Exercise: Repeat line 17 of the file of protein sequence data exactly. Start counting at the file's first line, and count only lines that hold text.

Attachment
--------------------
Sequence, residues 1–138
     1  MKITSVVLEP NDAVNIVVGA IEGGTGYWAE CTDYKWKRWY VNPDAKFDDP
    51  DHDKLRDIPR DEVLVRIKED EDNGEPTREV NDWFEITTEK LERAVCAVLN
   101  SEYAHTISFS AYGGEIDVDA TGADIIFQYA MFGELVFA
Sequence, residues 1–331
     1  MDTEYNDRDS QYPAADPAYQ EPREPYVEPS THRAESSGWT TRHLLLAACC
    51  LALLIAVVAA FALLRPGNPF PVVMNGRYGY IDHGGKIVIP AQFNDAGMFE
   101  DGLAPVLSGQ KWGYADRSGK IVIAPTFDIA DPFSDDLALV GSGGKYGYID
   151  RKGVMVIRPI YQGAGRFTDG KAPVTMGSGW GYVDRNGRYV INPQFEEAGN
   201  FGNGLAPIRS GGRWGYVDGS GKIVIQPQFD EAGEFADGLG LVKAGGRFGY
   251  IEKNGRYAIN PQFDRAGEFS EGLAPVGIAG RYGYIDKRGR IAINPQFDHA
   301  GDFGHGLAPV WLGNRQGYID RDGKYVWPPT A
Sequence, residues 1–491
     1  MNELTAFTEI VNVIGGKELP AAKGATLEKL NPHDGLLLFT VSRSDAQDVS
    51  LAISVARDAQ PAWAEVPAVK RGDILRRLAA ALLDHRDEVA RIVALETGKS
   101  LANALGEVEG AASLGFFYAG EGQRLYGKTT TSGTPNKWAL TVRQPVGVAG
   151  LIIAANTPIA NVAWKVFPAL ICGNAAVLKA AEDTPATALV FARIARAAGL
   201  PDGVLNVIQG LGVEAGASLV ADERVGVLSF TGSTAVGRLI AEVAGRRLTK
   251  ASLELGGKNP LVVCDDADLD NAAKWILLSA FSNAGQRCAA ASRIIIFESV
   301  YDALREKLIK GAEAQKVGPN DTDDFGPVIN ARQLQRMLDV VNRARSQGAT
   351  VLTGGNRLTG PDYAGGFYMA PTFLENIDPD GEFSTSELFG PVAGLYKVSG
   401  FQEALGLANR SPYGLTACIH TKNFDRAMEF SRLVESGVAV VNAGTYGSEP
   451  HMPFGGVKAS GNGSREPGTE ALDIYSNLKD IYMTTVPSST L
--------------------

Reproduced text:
   151  LIIAANTPIA NVAWKVFPAL ICGNAAVLKA AEDTPATALV FARIARAAGL